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The Arroyo Bridge Studio

MADWORKSHOP | USC School of Architecture
2014

The Martin’s funding allowed for a group of students, under the mentorship of R. Scott Mitchell, to form a studio class and answer this real-world client request. Students eagerly began work on a design proposal that explored different methods to achieve the desired result. The final design used a layered branching strategy, adopted from site-specific trees.

In 2013, the Martin’s sponsored a class at the USC School of Architecture tasking students to design a site-specific pedestrian bridge. The bridge needed to sit below the existing tree line and, no matter the angle, would have to blend in with the surroundings. The bridge also needed to integrate into a larger landscaping plan, a plan that would span a 75’ arroyo and shift the usability of the property to take advantage of new open spaces and views.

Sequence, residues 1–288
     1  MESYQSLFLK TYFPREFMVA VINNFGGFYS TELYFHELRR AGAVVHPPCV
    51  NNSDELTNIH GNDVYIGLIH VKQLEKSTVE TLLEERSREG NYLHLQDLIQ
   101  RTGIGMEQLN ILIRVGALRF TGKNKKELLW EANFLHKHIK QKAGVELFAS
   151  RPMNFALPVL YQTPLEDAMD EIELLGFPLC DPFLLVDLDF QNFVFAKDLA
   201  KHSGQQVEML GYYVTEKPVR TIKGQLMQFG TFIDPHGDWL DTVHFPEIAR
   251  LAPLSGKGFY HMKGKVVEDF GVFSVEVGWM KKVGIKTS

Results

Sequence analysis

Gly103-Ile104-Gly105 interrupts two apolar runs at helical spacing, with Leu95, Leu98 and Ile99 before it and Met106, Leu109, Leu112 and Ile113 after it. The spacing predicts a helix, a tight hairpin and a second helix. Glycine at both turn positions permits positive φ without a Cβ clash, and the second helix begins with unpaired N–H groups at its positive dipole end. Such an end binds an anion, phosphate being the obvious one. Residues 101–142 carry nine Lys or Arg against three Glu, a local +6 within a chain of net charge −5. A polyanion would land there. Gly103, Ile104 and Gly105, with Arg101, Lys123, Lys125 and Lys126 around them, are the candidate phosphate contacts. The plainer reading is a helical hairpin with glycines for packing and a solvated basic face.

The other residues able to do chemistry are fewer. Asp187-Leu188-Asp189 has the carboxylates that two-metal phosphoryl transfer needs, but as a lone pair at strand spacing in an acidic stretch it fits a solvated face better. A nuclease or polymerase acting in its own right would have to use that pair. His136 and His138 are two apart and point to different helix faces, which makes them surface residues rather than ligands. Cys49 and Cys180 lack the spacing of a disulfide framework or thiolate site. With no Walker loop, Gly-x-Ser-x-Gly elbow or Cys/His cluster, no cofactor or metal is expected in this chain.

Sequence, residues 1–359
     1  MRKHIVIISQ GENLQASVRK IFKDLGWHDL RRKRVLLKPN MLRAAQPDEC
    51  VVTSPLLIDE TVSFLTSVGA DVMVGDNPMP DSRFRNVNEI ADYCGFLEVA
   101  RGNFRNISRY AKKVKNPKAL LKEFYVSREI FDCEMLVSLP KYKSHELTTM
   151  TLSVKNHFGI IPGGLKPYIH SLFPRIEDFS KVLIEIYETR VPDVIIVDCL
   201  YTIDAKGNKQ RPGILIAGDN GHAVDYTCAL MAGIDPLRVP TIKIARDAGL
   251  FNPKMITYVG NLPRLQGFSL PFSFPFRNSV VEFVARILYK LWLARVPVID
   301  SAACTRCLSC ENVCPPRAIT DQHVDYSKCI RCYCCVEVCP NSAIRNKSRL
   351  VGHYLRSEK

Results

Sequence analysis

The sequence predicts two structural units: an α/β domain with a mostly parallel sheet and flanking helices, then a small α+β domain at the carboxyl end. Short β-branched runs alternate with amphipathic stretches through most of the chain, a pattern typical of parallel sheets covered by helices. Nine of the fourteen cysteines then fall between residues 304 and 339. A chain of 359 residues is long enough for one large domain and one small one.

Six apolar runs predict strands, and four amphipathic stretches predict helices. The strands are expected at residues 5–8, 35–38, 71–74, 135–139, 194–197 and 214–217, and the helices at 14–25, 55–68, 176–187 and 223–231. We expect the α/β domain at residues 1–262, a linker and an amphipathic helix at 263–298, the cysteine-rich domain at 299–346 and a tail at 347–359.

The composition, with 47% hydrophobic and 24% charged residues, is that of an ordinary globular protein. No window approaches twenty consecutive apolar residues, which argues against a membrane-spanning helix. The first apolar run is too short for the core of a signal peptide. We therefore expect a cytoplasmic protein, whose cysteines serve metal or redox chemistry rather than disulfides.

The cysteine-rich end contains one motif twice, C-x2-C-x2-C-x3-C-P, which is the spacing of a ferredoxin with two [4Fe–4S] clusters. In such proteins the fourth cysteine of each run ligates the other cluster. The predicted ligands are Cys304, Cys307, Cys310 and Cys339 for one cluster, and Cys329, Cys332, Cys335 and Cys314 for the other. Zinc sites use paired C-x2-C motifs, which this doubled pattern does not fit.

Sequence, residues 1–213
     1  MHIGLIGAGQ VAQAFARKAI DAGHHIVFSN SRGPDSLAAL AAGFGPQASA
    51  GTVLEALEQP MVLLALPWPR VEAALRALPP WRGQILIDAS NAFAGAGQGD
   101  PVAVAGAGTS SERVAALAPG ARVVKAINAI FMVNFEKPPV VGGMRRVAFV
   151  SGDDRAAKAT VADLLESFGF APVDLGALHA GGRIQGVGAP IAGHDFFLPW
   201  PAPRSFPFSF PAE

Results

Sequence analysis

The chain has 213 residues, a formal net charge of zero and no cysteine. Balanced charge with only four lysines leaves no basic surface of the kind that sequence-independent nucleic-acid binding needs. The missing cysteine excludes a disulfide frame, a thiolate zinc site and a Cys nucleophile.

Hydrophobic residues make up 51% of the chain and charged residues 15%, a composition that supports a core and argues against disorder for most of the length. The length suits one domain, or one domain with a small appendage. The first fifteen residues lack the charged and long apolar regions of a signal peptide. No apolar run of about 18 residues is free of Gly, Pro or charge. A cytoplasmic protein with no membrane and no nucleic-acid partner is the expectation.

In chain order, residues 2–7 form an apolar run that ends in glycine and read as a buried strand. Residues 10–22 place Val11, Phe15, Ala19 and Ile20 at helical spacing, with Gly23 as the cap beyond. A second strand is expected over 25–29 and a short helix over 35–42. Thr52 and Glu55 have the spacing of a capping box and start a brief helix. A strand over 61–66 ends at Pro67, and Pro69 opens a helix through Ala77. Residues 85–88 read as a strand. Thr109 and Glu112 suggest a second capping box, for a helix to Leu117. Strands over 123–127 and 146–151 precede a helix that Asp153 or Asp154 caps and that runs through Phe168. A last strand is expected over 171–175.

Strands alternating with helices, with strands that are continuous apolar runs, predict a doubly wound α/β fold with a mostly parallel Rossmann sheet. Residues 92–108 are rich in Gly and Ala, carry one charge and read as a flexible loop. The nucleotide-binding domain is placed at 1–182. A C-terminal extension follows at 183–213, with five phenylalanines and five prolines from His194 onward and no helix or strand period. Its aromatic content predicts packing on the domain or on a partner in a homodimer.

The Martin’s funding allowed for a group of students, under the mentorship of R. Scott Mitchell, to form a studio class and answer this real-world client request. Students eagerly began work on a design proposal that explored different methods to achieve the desired result. The final design used a layered branching strategy, adopted from site-specific trees.

The layered branching strategy integrates structural members, which in turn influences the sculptural aspect. Every member either supports the bridge or braces one another, maintaining the structural integrity and maintaining the layered design. Viewed from a distance, the irregular branching will blend the bridge into the landscape only coming into view upon approach. Perforated panels will be used to mimic foliage and act as a shading device, further integrating the bridge into its environment.

Currently, the bridge is in its final stages of development. Students have been utilizing state-of-the-art techniques, like 3D measuring tools and satellite imaging, to accurately place the bridge on the site. Students have also worked with steel fabricators to create a system of construction that can be easily produced, broken down, categorized, and re-assembled on site.

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